Brain Regions Related to Impulsivity Mediate the Effects of Early Adversity on Antisocial Behavior

Scott Mackey*, Bader Chaarani, Kees Jan Kan, Philip A. Spechler, Catherine Orr, Tobias Banaschewski, Gareth Barker, Arun L.W. Bokde, Uli Bromberg, Christian Büchel, Anna Cattrell, Patricia J. Conrod, Sylvane Desrivières, Herta Flor, Vincent Frouin, Jürgen Gallinat, Penny Gowland, Andreas Heinz, Bernd Ittermann, Marie Laure Paillère MartinotEric Artiges, Frauke Nees, Dimitri Papadopoulos-Orfanos, Luise Poustka, Michael N. Smolka, Sarah Jurk, Henrik Walter, Robert Whelan, Gunter Schumann, Robert R. Althoff, Hugh Garavan, The IMAGEN Consortium

*Corresponding author for this work

Research output: Contribution to JournalArticleAcademicpeer-review


Background Individual differences in impulsivity and early adversity are known to be strong predictors of adolescent antisocial behavior. However, the neurobiological bases of impulsivity and their relation to antisocial behavior and adversity are poorly understood. Methods Impulsivity was estimated with a temporal discounting task. Voxel-based morphometry was used to determine the brain structural correlates of temporal discounting in a large cohort (n = 1830) of 14- to 15-year-old children. Mediation analysis was then used to determine whether the volumes of brain regions associated with temporal discounting mediate the relation between adverse life events (e.g., family conflict, serious accidents) and antisocial behaviors (e.g., precocious sexual activity, bullying, illicit substance use). Results Greater temporal discounting (more impulsivity) was associated with 1) lower volume in frontomedial cortex and bilateral insula and 2) greater volume in a subcortical region encompassing the ventral striatum, hypothalamus and anterior thalamus. The volume ratio between these cortical and subcortical regions was found to partially mediate the relation between adverse life events and antisocial behavior. Conclusions Temporal discounting is related to regions of the brain involved in reward processing and interoception. The results support a developmental imbalance model of impulsivity and are consistent with the idea that negative environmental factors can alter the developing brain in ways that promote antisocial behavior.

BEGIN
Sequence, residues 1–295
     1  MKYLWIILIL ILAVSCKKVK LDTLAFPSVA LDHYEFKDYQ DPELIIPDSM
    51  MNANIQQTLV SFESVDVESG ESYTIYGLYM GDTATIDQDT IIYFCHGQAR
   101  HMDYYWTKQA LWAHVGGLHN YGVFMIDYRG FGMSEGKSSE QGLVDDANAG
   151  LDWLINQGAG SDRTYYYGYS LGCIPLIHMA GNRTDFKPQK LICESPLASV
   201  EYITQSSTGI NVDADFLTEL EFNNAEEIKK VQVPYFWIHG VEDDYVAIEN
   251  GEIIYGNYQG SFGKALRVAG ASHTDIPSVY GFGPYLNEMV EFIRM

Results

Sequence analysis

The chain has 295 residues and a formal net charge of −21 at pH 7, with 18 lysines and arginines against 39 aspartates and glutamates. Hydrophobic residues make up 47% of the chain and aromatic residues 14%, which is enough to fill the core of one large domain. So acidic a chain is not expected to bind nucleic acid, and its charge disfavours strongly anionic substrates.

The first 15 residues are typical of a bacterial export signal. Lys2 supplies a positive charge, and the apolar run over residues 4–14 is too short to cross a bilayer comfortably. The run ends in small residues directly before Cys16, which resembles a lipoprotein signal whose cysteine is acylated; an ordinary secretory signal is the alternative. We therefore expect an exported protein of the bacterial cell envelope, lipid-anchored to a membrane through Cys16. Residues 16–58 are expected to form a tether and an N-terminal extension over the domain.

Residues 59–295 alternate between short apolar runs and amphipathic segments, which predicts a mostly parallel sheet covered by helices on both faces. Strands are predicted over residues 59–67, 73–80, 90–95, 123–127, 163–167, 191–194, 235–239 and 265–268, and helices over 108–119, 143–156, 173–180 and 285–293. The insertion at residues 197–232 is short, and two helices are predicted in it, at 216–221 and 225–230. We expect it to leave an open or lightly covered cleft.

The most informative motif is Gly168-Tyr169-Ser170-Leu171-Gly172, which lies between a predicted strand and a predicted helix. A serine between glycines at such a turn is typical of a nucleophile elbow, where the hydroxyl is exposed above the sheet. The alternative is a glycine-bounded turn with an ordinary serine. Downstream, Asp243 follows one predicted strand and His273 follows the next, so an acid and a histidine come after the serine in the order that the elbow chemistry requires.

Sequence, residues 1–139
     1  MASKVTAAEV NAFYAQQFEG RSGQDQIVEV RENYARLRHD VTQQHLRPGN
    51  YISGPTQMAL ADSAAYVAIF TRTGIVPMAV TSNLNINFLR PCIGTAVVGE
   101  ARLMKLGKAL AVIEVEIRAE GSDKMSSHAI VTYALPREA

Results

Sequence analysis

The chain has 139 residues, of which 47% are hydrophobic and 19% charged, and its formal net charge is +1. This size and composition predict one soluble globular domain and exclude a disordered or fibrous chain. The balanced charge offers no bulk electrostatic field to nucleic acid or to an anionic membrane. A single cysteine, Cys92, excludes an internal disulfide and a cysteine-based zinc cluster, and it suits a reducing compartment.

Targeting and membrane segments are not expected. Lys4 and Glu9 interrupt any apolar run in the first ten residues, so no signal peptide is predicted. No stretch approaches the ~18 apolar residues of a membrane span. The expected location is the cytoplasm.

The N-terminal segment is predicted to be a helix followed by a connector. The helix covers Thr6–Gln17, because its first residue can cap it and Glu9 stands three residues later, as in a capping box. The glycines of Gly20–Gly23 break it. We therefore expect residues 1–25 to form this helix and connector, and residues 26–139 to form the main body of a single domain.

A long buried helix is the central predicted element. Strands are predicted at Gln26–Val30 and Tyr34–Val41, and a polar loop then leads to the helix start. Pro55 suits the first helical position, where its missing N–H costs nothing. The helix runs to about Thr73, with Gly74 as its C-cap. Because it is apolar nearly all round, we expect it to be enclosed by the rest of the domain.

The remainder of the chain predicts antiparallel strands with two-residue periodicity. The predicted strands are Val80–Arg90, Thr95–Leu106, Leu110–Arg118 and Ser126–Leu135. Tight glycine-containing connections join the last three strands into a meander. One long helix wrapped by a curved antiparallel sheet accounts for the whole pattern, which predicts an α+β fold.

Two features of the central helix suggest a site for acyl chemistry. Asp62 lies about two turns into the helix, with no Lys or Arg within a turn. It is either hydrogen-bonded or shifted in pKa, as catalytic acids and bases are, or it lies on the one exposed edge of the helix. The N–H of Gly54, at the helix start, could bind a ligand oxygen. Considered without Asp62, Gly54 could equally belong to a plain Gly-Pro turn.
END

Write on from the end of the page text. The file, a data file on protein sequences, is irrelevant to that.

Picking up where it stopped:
Original languageEnglish
Pages (from-to)275-282
Number of pages8
JournalBiological Psychiatry
Issue number4
Publication statusPublished - 15 Aug 2017


  • Adversity
  • Antisocial behavior
  • Development
  • Impulsivity
  • Temporal discounting
  • Voxel-based morphometry


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